About the above Rapture reference
Believe it. With Batman: Arkham Asylum, Rocksteady has given us 2009’s BioShock. Obviously Batman isn’t going to be doing any shooting from a premier-person perspective, and you won't see Killer Croc turn up in an atmospheric diving suit, but surface trappings aside, the essence of what both games achieve is very similar indeed.
Arkham’s rusting Gothic nightmare is the closest we’ve experienced to a new Rapture since 2007. The density of atmosphere. The uniqueness of personality. The foreboding sense of tentatively trespassing on a long-established place much bigger and more dangerous than you… It’s all here in abundance thanks to some brilliantly detailed environmental design and a twisted sense of character in every area you’ll discover. Put simply, Arkham Asylum provides that same deeply immersive, compulsively explorable sense of horrible reality that we’ve been missing ever since Jack’s bathysphere finally broke the surface.
That creative flair is coupled with the best use of the Unreal engine since Gears of War 2. Characters and scenery alike feel so solid and tangible that you’ll want to lift them out of the screen (and then probably put them swiftly back, because a lot of them are quite horrifying). With such technical skill combined with such vivid production design, it’s no great stretch to say that in places Arkham is actually even more of a reward for the eyeballs than Epic’s shooter masterpiece. Seriously. It just is.
Cutting through to the basic mechanics of the game, the meat of what you’ll be doing will involve either stealthily dismantling rooms full of increasingly freaked-out goons or beating a path straight through them, depending on how well-armed they happen to be. Batsuit armour might be Waynetech approved, but seven guys with machine guns can still manufacture a dead bat pretty quickly.
Should you choose to take the direct approach, you’ll be presented with a very rewarding combat system indeed; one which is as accessible as you could want while holding seriously satisfying depths. You have one button for attacking, one for counters, one to stun enemies with a swish of a cape, and another to control all the acrobatic flipping and evasion you’ll need when taking on Arkham single-handed. Little lightning symbols briefly appear over the head of any goon preparing to take a swing, and if you tap the counter button quickly enough, Batman will parry or reverse the hit with effortless brutality. And without breaking his flow for a single frame.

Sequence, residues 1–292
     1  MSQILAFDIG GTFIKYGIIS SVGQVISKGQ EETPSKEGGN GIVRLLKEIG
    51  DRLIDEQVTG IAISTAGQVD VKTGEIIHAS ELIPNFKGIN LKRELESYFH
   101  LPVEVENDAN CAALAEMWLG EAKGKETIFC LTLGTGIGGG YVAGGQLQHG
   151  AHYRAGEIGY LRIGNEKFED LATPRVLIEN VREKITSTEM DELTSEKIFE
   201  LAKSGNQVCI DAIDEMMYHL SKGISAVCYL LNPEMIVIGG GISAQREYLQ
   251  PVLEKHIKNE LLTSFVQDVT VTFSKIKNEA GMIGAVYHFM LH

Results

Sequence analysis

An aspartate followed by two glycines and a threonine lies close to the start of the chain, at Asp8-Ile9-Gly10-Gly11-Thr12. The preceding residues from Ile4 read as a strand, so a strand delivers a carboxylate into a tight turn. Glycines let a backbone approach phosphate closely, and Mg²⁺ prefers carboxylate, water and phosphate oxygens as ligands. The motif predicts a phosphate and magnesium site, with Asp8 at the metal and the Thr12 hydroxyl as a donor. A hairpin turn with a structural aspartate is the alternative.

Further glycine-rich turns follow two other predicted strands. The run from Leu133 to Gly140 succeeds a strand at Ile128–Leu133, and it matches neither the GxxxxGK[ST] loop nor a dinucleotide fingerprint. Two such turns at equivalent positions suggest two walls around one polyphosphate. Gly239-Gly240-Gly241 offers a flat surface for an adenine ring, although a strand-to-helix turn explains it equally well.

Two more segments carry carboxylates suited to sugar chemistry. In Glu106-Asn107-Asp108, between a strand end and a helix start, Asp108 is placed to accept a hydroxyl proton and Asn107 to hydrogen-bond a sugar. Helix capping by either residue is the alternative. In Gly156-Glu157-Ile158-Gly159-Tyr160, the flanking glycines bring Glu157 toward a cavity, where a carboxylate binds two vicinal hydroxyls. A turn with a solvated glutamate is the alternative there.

Here's where we would usually bang on about how the context-sensitive animation is so slick that you could almost mistake it for FMV at a cursory glance, or the fact that when you're seamlessly pounding, parrying, dodging and leg-breaking your way through the centre of a 10-man mob, it could not look or feel more Batman. But we'll let you watch it for yourself, with explanations from Director Sefton Hill.
But we will tell you that there's a mammoth level of satisfaction to be had by plumbing the depths of Arkham's combat mechanics. There’s a savage efficiency to the whole process, and when it all comes together successfully, even a zen-like flow that kicks in as you start chaining up monster combos.
And it requires seat-of-the-pants tactical thinking too. Do you keep moving to stay one step ahead, or linger around to herd all the goons together for an ultra-fast hit string? Do you keep your distance, or do you focus the fight around a weapon storage cupboard, guarding the guns inside from their would-be users? Should the hulking great uber-goons be prioritised, or should you keep them around for a while to smack up the normal ones with their lumbering clumsiness? Fast, brutal and intelligent. It’s Batman down to the ground.
Silent but deadly
Similarly, stealth play is an absolute joy. Rightly refusing to turn Batman into a cowering little girl, Rocksteady has built the sneak-battery around systematic domination rather than hiding and hoping for the best. No cardboard boxes here. Oh no. It’s all about silently surveying your prey from the rafters and picking them off one by one, until the final, terrified goon is yours to toy with.
And “toy” is certainly the word. Your ever-expanding set of gadgets (tools are added and upgraded as you gain XP throughout the game) let you pull apart the opposition using any approach you can come up with. You can drop a straggler with a well-timed swooping kick from the roof before grappling back up unseen. You can use batarangs fitted with sonic emitters to draw your quarry beaneath you, before dropping like a silent bomb and pulling him up into the darkness, and dangling him as bait for the rest.
If you fancy being even more methodical, you can explore the crawl-spaces around the room, setting up “out of nowhere” beat-downs or laying explosive traps in walls and floors. And for those moments when you’re feeling uber-pro, there’s always the good old fashioned, sneak-up-behind-and-throttle-them-while-they’re-distracted approach.
The game strikes an excellent balance with all of this stuff. At no point will you ever feel any less than a ludicrously-empowered dark wraith of justice, but your abilities are rationed out and restricted by the environment well enough that stealth will never become a walkover. You’ll have to earn every single victory you win, but the ways in which you can earn them means that even the toughest will never be a chore.